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a word signifying, both in the Hebrew and Greek, a "messenger," and hence employed to denote any agent God sends forth to execute his purposes. It is used of an ordinary messenger (Job 1:14; 1Sa 11:3; Lu 7:24; 9:52), of prophets (Isa 42:19; Hag 1:13), of priests (Mal 2:7), and ministers of the New Testament (Re 1:20).

It is also applied to such impersonal agents as the pestilence (2Sa 24:16-17; 2Ki 19:35), the wind (Ps 104:4).

But its distinctive application is to certain heavenly intelligences whom God employs in carrying on his government of the world. The name does not denote their nature but their office as messengers. The appearances to Abraham at Mamre (Ge 18:2,22. Comp. Ge 19:1), to Jacob at Peniel (Ge 32:24,30), to Joshua at Gilgal (Jos 5:13,15), of the Angel of the Lord, were doubtless manifestations of the Divine presence, "foreshadowings of the incarnation," revelations before the "fulness of the time" of the Son of God.

(1.) The existence and orders of angelic beings can only be discovered from the Scriptures. Although the Bible does not treat of this subject specially, yet there are numerous incidental details that furnish us with ample information. Their personal existence is plainly implied in such passages as Ge 16:7,10-11; Jg 13:1-21; Mt 28:2-5; Heb 1:4, etc.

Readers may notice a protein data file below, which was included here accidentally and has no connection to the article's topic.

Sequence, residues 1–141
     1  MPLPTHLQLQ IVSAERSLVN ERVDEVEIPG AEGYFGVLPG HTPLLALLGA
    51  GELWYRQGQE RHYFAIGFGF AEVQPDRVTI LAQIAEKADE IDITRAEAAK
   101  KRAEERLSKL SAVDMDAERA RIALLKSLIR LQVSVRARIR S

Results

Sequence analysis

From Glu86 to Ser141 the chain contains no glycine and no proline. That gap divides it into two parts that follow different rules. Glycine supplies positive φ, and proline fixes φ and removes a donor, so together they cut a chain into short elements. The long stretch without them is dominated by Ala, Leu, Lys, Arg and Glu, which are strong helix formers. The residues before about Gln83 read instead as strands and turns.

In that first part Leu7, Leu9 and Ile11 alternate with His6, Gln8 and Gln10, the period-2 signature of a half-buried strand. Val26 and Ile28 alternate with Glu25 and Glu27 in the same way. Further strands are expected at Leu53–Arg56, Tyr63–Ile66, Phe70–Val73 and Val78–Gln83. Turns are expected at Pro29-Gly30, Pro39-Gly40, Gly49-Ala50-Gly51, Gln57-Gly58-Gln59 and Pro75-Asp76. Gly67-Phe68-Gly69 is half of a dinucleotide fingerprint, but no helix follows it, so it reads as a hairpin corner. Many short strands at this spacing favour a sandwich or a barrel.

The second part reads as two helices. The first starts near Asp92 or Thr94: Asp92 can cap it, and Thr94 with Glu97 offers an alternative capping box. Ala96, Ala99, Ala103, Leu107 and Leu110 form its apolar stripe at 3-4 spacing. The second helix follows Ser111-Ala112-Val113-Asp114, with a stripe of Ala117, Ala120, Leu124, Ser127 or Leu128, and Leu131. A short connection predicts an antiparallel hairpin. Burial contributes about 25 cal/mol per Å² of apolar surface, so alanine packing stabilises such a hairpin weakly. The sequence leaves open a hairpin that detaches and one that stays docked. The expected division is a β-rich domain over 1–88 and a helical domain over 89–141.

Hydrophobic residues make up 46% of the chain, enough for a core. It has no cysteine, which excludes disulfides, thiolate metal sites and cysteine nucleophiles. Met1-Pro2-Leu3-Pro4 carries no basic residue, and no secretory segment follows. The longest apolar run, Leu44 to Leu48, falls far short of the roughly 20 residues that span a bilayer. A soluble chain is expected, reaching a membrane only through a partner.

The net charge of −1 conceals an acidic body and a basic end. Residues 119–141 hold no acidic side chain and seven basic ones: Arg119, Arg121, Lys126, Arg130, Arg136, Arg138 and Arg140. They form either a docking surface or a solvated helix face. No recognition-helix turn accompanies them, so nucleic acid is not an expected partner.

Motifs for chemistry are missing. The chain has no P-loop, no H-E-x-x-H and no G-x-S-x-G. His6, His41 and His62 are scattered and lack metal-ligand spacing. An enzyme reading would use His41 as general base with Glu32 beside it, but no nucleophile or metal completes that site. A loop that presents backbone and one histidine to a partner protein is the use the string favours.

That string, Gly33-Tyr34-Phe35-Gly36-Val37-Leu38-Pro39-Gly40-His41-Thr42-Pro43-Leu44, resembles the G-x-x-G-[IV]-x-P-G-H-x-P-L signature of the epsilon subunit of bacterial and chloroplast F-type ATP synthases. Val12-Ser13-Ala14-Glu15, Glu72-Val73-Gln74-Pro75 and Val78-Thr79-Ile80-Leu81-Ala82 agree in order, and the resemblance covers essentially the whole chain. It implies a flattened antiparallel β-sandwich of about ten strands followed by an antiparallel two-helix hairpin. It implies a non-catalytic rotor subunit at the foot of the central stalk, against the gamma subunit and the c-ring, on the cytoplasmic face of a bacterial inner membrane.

These superior beings are very numerous. "Thousand thousands," etc. (Da 7:10; Mt 26:53; Lu 2:13; Heb 12:22-23). They are also spoken of as of different ranks in dignity and power (Zec 1:9,11; Da 10:13; 12:1; 1Th 4:16; Jude 1:9; Eph 1:21; Col 1:16).

(2.) As to their nature, they are spirits (Heb 1:14), like the soul of man, but not incorporeal. Such expressions as "like the angels" (Lu 20:36), and the fact that whenever angels appeared to man it was always in a human form (Ge 18:2; 19:1,10; Lu 24:4; Ac 1:10), and the titles that are applied to them ("sons of God," Job 1:6; 38:7; Da 3:25; comp. Da 3:28) and to men (Lu 3:38), seem all to indicate some resemblance between them and the human race. Imperfection is ascribed to them as creatures (Job 4:18; Mt 24:36; 1Pe 1:12). As finite creatures they may fall under temptation; and accordingly we read of "fallen angels." Of the cause and manner of their "fall" we are wholly ignorant. We know only that "they left their first estate" (Mt 25:41; Re 12:7,9), and that they are "reserved unto judgement" (2Pe 2:4). When the manna is called "angels' food," this is merely to denote its excellence (Ps 78:25). Angels never die (Lu 20:36). They are possessed of superhuman intelligence and power (Mr 13:32; 2Th 1:7; Ps 103:20). They are called "holy" (Lu 9:26), "elect" (1Ti 5:21). The redeemed in glory are "like unto the angels" (Lu 20:36). They are not to be worshipped (Col 2:18; Re 19:10).